Hello Everybody: Thanks for having me participate in an Inkwell discussion! I am completely new to the Well (and really to much of the latest digital platforms) but so far, so good. When I first started thinking about terroir, I was very much influenced by my colleague at the time at New England Culinary Institute who taught all the classes on wine to budding cooks and chefs. He talked a lot about terroir with his students, particularly in explaining the Old World (or European) approach to winemaking. In the world of wine, the strongest association with terroir is the link between the natural environment and the final sensory properties of a wine. Thus, we first talked a lot about slope, site, climate, and soil. But since my academic training is in cultural anthropology, I fast wanted to understand if terroir could be extended to other food and drink and also to include the human involvement in making that very link between, let's say, south facing slope and gravel with the flinty taste of a Chablis. I remember asking Mark, "why can't there be a terroir to potatoes?" Now, almost 10 years after I first posed that question, I do understand terroir more broadly. I see terroir as way of paying attention to the complex environmental and cultural factors that shape the sensory profile of maple syrup, or wine or cheese. By paying attention, and saying that variability of taste rather than conformity of taste is the final goal, terroir can help us become a food culture with more diverse palates (and along the way perhaps support unique small scale farmers and food artisans). Amy
(wiggly) Wed 12 Nov 08 11:58
Thanks for joining us, Amy. While I'm sold on the local food movement, I have to admit that part of me still sees this kind of attention to food as the province of foodie snobs. What would you say to the mythical Joe Six-Pack who might dismiss all this "terroir" talk as just recreational gluttony of wine-sipping elites on the coasts? Why does the taste of place matter?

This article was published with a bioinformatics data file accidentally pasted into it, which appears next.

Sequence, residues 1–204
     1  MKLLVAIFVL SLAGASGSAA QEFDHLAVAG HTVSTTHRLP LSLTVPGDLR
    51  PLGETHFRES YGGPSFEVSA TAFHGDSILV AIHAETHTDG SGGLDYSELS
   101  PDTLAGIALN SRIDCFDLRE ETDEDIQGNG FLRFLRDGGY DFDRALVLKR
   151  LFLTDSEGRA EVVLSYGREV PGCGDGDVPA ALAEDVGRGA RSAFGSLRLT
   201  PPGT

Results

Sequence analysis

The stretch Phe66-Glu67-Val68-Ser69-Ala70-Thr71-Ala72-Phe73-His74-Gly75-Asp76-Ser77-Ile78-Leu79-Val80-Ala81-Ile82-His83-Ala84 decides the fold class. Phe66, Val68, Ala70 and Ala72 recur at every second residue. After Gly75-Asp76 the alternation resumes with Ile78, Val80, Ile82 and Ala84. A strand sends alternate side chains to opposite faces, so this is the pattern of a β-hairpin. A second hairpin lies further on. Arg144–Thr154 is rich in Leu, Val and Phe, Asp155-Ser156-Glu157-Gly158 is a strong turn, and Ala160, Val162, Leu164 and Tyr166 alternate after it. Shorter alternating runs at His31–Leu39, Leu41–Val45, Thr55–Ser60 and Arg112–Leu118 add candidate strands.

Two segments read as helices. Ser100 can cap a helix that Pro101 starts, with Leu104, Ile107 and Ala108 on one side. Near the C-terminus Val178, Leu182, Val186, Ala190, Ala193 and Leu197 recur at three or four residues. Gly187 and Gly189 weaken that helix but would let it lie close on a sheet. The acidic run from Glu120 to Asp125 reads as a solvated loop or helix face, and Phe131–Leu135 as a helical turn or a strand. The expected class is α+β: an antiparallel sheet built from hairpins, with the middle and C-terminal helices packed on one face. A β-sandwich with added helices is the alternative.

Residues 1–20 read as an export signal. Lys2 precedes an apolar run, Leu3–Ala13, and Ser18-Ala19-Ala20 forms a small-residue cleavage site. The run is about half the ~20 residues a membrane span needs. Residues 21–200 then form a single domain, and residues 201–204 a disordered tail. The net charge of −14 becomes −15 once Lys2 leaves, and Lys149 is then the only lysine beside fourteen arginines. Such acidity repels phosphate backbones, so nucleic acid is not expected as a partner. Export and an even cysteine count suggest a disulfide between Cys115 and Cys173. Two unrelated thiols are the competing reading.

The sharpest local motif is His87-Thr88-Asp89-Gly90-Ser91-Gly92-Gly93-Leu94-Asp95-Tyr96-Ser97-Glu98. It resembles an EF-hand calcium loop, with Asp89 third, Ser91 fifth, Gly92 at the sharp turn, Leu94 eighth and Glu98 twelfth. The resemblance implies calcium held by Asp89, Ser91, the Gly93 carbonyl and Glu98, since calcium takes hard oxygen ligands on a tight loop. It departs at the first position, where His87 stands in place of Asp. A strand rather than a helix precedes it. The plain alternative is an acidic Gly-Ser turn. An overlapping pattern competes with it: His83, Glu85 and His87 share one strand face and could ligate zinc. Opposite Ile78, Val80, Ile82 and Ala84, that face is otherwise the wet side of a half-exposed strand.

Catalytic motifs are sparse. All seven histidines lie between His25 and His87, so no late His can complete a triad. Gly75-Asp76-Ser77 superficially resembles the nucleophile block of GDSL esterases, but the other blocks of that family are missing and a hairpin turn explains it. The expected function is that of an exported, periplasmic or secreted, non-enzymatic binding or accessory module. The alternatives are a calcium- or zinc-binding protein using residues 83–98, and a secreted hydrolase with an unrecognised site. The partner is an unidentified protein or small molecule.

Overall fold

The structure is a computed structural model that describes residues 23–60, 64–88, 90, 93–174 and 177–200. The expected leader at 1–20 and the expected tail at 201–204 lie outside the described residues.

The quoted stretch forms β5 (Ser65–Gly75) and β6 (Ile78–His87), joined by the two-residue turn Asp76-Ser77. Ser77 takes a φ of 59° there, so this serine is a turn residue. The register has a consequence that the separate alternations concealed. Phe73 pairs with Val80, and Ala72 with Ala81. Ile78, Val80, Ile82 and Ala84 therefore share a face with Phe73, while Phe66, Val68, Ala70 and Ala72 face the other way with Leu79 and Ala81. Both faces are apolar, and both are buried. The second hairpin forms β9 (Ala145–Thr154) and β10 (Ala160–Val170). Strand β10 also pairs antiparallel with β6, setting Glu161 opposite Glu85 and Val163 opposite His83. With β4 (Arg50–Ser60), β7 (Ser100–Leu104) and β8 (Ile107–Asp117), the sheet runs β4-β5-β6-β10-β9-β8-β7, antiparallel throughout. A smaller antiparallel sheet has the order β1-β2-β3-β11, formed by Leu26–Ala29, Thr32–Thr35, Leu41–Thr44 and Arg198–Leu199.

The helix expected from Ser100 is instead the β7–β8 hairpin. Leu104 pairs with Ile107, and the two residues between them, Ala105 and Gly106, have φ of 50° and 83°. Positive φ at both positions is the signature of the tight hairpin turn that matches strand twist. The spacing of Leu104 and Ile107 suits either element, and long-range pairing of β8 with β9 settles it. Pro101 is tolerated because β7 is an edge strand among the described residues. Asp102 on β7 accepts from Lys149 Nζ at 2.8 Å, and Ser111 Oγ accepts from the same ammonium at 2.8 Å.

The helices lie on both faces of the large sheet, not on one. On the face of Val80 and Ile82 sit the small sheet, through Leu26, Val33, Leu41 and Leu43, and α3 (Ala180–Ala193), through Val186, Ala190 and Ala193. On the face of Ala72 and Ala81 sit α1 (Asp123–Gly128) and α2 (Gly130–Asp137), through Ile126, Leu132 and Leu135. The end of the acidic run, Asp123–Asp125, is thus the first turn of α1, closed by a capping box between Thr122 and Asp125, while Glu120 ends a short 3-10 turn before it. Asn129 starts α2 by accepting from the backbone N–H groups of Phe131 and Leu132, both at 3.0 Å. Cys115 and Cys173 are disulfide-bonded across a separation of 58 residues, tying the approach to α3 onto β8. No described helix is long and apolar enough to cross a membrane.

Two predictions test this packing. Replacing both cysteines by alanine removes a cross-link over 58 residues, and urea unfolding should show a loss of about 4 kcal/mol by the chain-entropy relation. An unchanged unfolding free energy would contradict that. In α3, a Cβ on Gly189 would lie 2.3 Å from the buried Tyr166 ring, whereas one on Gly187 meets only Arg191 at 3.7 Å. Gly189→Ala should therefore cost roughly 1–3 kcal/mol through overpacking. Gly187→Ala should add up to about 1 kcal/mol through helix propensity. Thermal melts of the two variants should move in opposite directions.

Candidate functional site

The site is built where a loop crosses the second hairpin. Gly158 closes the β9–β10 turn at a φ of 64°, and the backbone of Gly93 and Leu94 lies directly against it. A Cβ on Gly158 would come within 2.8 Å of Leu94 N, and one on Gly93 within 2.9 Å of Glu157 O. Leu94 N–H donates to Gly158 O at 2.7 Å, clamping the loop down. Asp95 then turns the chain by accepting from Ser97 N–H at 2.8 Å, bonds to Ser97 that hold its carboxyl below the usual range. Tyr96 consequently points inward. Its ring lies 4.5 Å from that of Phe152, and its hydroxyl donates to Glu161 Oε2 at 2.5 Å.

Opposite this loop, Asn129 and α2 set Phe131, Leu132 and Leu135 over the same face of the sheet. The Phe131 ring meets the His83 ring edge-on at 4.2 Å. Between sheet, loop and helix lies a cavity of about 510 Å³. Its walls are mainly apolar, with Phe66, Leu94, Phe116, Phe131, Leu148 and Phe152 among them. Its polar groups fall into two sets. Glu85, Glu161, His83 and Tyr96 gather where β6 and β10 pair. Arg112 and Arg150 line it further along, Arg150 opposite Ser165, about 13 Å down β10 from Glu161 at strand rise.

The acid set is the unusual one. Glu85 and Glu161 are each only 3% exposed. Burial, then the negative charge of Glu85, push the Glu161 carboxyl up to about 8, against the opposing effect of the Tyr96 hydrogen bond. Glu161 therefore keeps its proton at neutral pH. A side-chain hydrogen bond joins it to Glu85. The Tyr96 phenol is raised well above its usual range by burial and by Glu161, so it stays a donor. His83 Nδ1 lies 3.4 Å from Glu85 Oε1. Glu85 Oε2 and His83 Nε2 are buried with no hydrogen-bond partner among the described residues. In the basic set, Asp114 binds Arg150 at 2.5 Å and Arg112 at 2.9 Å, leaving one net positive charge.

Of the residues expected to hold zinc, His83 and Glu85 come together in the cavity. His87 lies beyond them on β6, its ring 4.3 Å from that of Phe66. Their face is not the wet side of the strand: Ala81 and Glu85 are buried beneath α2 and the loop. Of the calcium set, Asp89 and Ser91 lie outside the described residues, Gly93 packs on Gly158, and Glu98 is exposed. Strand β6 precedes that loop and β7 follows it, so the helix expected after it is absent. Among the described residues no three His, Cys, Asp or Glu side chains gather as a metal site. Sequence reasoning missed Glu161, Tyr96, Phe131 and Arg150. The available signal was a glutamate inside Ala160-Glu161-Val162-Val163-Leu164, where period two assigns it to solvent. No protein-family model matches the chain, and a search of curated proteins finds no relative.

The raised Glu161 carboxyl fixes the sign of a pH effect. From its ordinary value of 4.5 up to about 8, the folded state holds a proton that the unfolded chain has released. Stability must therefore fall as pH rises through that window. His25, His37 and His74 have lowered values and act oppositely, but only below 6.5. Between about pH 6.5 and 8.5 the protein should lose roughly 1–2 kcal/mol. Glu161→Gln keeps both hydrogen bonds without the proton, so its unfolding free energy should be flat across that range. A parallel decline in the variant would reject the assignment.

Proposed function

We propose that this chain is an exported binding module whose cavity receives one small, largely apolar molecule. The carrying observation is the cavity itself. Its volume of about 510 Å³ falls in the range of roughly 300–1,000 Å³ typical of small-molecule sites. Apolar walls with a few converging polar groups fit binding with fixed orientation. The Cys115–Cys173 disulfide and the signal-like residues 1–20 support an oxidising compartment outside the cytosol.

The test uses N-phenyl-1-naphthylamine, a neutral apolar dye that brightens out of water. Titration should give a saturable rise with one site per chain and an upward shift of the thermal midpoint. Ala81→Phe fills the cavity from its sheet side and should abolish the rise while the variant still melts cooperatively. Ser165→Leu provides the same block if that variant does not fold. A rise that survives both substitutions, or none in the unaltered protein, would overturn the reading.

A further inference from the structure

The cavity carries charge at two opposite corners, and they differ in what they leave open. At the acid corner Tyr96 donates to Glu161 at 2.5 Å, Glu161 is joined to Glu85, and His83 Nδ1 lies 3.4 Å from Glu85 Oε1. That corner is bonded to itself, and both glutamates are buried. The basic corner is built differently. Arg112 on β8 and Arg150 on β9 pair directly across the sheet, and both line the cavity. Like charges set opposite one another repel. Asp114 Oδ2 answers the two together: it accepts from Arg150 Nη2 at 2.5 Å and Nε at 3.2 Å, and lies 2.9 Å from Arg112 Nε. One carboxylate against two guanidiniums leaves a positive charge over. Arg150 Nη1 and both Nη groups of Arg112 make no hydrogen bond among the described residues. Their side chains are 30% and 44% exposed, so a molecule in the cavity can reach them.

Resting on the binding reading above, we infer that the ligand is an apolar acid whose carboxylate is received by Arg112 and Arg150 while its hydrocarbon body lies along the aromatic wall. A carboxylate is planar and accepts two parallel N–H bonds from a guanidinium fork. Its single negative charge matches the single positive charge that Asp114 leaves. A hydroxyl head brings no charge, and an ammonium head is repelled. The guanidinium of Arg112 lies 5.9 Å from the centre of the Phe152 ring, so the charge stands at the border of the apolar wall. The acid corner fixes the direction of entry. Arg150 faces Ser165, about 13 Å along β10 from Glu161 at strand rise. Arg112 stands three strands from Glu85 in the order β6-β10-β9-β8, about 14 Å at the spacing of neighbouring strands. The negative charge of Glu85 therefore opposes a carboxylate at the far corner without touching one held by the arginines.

Anne Boyd (nitpicker) Wed 12 Nov 08 12:44
I'd follow on to that question by asking about the connections between terroir and sustainability, too. Although sustainability in itself is not a major theme of the book, it seems to me there are a lot of connections between knowledge of local conditions, fine-grained adaptation of agricultural practices to those local conditions, and the long-term sustainability of agricultural practices....not to mention other land use decisions. There is a section in the book that discusses l'affaire Mondavi, in which the American winemaker Robert Mondavi Winery tried to buy up land to establish a vineyard in Aniane, a village in southwest France. The effort was ultimately scotched by local opposition, not just to Americans barging in where they weren't wanted, but also to the intention of developing certain lands for vineyards that were previously considered communally held forest. Two things from an ecological perspective struck me about this story: one, the mention that the _garrigues_ (shrubland areas similar to California's chaparral, and similarly aromatic) were held to impart the flavors of wild herbs to wine grapes grown near these wildlands; and the local idea that wild uplands were to be preserved for communal use, including hiking and foraging for wild foods. I would also tend to assume that there is some consciousness, whether or not it is explicit, of the value of preserving hills and mountains to protect the local watershed. And there is also recognition in some thinking about sustainable agriculture that 'wild' areas have a complex relationship with cultivated areas, affecting things like biodiversity of pollinators and species that prey on agricultural pests. It seems to me that in this case, the local community's concept of protecting its terroir reflected an integrated set of concerns about land use, livability, and the interrelations between nature and culture that we might today view through the lens of "sustainability."